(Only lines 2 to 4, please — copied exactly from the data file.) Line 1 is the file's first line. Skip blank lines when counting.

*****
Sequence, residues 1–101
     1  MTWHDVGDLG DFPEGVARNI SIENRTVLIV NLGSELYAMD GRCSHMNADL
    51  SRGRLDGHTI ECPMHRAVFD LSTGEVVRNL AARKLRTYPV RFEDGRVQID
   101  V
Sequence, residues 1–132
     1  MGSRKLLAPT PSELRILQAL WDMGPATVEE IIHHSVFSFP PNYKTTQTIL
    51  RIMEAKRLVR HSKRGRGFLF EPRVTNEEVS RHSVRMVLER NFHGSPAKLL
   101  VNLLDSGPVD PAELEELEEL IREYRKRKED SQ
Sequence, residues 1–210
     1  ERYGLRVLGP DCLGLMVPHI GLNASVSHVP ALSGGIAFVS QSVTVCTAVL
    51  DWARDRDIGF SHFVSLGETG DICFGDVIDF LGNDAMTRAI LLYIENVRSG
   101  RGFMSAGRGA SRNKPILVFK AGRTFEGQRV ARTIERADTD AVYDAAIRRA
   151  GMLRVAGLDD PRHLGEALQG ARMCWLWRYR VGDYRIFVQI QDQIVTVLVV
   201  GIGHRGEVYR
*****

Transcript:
     1  MTWHDVGDLG DFPEGVARNI SIENRTVLIV NLGSELYAMD GRCSHMNADL
    51  SRGRLDGHTI ECPMHRAVFD LSTGEVVRNL AARKLRTYPV RFEDGRVQID
   101  V